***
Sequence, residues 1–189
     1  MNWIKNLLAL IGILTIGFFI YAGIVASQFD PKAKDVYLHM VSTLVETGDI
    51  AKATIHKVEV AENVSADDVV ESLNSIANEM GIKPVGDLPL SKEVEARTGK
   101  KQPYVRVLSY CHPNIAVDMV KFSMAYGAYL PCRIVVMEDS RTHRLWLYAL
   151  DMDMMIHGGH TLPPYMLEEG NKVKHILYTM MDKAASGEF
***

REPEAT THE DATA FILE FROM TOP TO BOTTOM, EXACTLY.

Sequence, residues 1–189
     1  MNWIKNLLAL IGILTIGFFI YAGIVASQFD PKAKDVYLHM VSTLVETGDI
    51  AKATIHKVEV AENVSADDVV ESLNSIANEM GIKPVGDLPL SKEVEARTGK
   101  KQPYVRVLSY CHPNIAVDMV KFSMAYGAYL PCRIVVMEDS RTHRLWLYAL
   151  DMDMMIHGGH TLPPYMLEEG NKVKHILYTM MDKAASGEF